Once upon a time, I was a kid growing up in North Jersey in the ‘80s, and I had a pretty clear idea of who I was and who I wanted to be. Even though I was the “token” Jewish kid in the neighborhood, I never struggled with my identity, in part to my parents’ credit for creating a strong Jewish home life, and in part because of my close connection to the Reform synagogue at which I spent countless hours. Whether I was celebrating a Jewish holiday, marching in an Israel celebration parade or singing with the junior choir at Shabbat services, it was clear to everyone around me that this kid was on a path, and that my Jewishness was a huge part of who I was and who I was going to grow up to be.
The story could just end there, with the assumption that I stayed that kid and that I followed that path … and the story wouldn’t be totally wrong.
But it’s also incomplete, and sometimes even I find myself looking over my history and wonder if I’m reading the story of me, or someone else. I’m no longer that ‘80s kid who was so self-assured, and my connection to Jewish life doesn’t always resemble the picture I imagined in my head. And I’m sure by now you’re wondering why.
My name is Amy, I’m a divorced mom of two (mostly) hilarious kids (ages 6 & 8 ½) and well, now I live in Maine. Wait, let me say that again. I’m a divorced mom of two and I live in MAINE.
This place isn’t exactly known as the center of Jewish life in these great United States. And while I’m at it, I should also mention my Irish Catholic boyfriend. So begins my interfaith journey, one that I hope you’ll join me on. I promise to fill in some of the blanks (like, are the kids Jewish? Is their dad Jewish? Yes and yes) on this blog, and to be real with all of you. Because for the first time in my life, identity and belonging isn’t so simple for me—and if it’s not simple for ME, the complexities of raising Jewish kids while trying to navigate this newness? My brain hurts just thinking about it.
So as an introduction, I’ll leave you with this story, because I think it will start developing the Polaroids for you to get the picture. As I type this, I’m looking at my Christmas tree. Yes, MY Christmas tree. I’ve never had a Christmas tree until this very tree that I’m staring at. The idea was absurd as I don’t celebrate Christmas. I’ve never had tree envy: even when my friends would invite me over to decorate theirs. It wasn’t part of who I was and there was no question that I would never, EVER have a tree.
Remember the whole Jewish girl from Jersey thing? Yet for the first time in 39 years, I’ve got a real live one, and I’m totally and completely enthralled with it. I could say it was the boyfriend’s tree since we were putting it in HIS apartment, but I went with him to pick out the perfect one, it was tied to the roof of MY car and I went to the store with him to pick out ornaments. I carefully decorated it, twice (because apparently trees have been known to fall over; I clearly have so much to learn), and added my own special touch: a blinged out Chinese takeout container, because up to this point that’s what Christmas meant to me. After a third tree felling (followed by said tree being attached to the wall), my kids got involved in the action. My Jewish children, who had never touched a Christmas tree let alone decorated one, were about to experience something totally foreign.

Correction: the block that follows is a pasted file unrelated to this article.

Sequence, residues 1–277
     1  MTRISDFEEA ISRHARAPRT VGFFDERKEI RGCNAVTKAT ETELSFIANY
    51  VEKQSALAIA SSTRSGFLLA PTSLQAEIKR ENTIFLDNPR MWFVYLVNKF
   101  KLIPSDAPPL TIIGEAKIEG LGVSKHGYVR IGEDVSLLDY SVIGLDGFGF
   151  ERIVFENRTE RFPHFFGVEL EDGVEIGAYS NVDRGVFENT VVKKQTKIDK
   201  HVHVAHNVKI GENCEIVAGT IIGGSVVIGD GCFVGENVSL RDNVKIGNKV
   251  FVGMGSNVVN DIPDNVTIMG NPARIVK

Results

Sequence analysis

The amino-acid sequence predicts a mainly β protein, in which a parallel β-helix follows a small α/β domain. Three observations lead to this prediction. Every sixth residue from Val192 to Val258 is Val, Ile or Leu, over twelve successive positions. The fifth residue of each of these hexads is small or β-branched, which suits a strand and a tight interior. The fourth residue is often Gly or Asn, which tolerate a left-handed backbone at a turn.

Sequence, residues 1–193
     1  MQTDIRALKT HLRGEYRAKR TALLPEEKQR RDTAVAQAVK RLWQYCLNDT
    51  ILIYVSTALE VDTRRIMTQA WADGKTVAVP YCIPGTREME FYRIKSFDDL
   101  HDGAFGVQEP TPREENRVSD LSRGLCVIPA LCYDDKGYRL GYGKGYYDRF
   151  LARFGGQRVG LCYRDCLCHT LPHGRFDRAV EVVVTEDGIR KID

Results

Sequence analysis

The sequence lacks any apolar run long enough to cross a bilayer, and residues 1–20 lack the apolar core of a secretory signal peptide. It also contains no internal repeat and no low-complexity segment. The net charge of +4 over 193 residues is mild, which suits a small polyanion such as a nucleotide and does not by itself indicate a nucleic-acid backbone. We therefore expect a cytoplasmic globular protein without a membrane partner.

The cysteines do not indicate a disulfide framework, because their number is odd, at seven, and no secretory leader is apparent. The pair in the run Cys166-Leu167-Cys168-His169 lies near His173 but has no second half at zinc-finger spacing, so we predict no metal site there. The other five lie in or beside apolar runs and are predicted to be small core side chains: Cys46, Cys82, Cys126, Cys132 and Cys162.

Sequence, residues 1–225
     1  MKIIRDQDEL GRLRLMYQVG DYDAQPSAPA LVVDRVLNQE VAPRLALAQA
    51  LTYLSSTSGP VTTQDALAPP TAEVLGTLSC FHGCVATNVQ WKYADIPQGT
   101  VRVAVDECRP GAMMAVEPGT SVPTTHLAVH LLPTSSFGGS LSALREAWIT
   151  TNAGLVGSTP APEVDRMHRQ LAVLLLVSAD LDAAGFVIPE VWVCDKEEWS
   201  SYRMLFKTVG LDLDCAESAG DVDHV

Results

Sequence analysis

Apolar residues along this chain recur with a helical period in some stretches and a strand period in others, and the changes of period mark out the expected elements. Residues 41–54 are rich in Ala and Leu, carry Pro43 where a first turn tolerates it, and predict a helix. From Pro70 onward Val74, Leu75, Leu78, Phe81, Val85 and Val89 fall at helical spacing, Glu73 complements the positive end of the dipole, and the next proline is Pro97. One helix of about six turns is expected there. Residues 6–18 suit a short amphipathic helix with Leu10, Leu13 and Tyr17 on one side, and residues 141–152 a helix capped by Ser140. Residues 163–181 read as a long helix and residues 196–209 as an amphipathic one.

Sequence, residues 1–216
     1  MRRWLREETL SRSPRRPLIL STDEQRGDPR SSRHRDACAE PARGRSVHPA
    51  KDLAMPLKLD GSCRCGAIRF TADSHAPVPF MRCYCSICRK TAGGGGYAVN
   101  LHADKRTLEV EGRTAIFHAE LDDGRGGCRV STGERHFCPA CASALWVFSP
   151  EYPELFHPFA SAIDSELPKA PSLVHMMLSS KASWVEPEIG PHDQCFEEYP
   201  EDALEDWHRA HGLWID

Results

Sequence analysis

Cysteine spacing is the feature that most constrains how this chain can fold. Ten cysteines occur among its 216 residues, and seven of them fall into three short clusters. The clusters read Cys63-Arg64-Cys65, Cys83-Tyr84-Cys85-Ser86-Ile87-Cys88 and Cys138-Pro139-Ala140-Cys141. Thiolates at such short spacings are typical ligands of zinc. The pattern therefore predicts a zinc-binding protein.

The night they came to decorate coincided with the seventh night of Hanukkah and the kids were excited to light the menorah and exchange gifts. All that happened, and it was our normal Jewish life. Until they decided that what they really wanted for Hanukkah was to decorate the tree. By the light of the candles, they carefully chose ornaments and hung them with care … not quietly. Instead, my amazing children, who only cared about making it look special for my boyfriend, decorated the tree while belting out as many Hanukkah songs as they could think of. There are no parenting manuals that tell you what to do, or how to react in a situation like this, so I did the only thing I knew how—I joined in.
I laugh thinking about it now as I look at the tree. My kids singing in Hebrew about dreidels, only wanting to spread love and joy. In that moment, I realized that maybe, just maybe I can make this interfaith thing work. Their excitement was electrifying and for two kids who don’t believe in Santa (I may have come up with some threats if they ruin it for their friends!) well, I think we all found a little magic that night.
So begins this chapter, as I try to figure out how to maintain old traditions and incorporate new ones that I (or the kids) never expected to be part of.
With not quite 12 days between Hanukkah and Christmas this year (depending on just how you count), I thought I would dedicate this post to that persistently ambitious Christmas carol (which also has more than one Hanukkah-themed version). In no particular order, here are some memorable moments from this December’s interfaith holiday season:
1. Learning and sharing holiday baking traditions always crowns my list, from my spouse’s excellent latkes to Christmas cookies to the gingerbread people my spouse’s family favored at this time of year, and chuckling at his always-remarkable excitement over indulging in my family’s Christmas morning tradition of having pigs-in-blankets for breakfast.
2. Learning and re-learning with my children the story of Hanukkah, from the Maccabees to the hanukkiah (Hanukkah menorah), from dreidel to gelt, and learning and re-learning, how to share the stories of Christmas with them as well.
3. Making a list, or two or three, and checking them at least twice, to make sure we have a good balance of gifts to spread across eight nights and one festive morning.
4. Making sure that list of gifts includes opportunities to remind our children that the holiday season is as much about giving as getting (and this year, giving each daughter a tzedakah box as an opportunity to think about giving).